Emanu-El contingent takes part in historic Women of the Wall Torah service

Women of the Wall for the first time read from a full-size Torah scroll during the group’s monthly prayer service at the Western Wall in Jerusalem, contravening regulations there.

Rabbi Beth Singer of Congregation Emanu-El in San Francisco (holding Torah) joined 14 of her congregants at historic Women of the Wall worship service on April 20. photo/rena singer

The Torah scroll, one of 100 available for public use on the men’s side of the Wall, was passed across the barrier between the men’s and women’s sections by male supporters of the 26-year-old organization on April 20 during services for the new month of Iyar. Regulations at the site set by the office of the Rabbi of the Western Wall and the Holy Sites of Israel, headed by Rabbi Shmuel Rabinovitch, have prevented women from using a Torah scroll in their section.An April 2013 Israeli Supreme Court ruling acknowledged women’s right to pray at the Western Wall according to their beliefs, claiming it does not violate what has come to be known as “local custom.”

Haredi Orthodox men praying at the Wall physically attacked the men who helped the women with what the group described in a statement as their “carefully planned help” to obtain the scroll, and then broke through the mechitzah barrier and attempted to take the scroll away from the women.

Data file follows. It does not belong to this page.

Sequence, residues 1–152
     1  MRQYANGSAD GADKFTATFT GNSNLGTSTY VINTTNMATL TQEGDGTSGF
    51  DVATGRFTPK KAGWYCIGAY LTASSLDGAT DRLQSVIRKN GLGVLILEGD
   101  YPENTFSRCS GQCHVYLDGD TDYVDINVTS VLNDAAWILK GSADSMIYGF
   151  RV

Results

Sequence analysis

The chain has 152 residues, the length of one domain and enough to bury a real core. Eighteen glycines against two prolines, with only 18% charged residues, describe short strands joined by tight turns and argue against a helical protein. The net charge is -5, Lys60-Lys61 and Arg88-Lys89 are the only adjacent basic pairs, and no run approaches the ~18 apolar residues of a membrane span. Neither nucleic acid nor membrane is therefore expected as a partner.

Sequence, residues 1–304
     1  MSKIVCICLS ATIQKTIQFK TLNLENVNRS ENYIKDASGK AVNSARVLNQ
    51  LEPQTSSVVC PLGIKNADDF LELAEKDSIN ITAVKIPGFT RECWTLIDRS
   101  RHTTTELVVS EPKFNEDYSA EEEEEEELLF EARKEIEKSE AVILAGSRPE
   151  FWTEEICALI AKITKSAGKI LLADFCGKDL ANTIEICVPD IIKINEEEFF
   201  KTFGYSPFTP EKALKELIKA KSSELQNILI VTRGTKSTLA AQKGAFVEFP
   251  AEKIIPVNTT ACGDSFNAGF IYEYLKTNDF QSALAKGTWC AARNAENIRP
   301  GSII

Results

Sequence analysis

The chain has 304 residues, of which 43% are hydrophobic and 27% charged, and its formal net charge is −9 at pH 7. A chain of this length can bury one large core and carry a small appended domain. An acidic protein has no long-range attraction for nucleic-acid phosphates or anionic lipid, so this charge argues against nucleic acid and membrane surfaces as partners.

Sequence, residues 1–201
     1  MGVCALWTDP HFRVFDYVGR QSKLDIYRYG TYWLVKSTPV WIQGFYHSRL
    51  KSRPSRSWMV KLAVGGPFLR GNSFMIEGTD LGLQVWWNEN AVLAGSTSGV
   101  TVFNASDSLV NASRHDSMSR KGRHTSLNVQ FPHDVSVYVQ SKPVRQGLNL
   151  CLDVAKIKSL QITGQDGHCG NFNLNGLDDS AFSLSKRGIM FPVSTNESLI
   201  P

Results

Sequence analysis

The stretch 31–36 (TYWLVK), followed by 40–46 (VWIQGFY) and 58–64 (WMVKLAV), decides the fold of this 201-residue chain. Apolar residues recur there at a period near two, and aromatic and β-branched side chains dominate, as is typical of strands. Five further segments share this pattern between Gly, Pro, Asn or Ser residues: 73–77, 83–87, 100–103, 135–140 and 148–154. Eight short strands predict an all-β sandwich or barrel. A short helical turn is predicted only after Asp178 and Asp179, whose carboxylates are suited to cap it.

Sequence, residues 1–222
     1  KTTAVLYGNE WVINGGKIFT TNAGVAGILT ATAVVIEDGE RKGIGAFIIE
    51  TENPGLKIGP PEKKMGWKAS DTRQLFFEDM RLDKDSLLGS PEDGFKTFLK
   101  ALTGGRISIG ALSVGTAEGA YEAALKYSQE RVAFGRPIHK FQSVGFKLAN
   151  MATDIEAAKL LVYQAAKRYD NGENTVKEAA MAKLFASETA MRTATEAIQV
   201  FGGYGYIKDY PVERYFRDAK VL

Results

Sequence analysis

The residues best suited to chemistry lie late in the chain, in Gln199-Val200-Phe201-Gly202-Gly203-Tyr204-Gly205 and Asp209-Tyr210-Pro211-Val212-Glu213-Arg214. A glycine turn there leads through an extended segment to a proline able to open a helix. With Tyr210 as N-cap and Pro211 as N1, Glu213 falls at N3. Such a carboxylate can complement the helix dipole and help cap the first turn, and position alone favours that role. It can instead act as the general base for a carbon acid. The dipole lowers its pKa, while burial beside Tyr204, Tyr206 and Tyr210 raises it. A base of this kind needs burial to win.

Police reportedly removed the men, and the women completed what the organization said in a statement was “a full and deeply moving service.”

In October, the women smuggled a miniature Torah scroll into the women’s section, despite a search of their bags, and held a bat mitzvah using a 200-year-old Torah, which was brought from Britain for the prayer service.

Women of the Wall gather at the Western Wall at the start of each Jewish month for the morning prayer service. The group’s members have clashed frequently with staff from Rabinovitch’s office and with police for holding services that violate the rules enforced by that office, including singing, wearing prayer shawls and other customs that are forbidden to women under the office’s interpretation of Orthodox Jewish law. — jta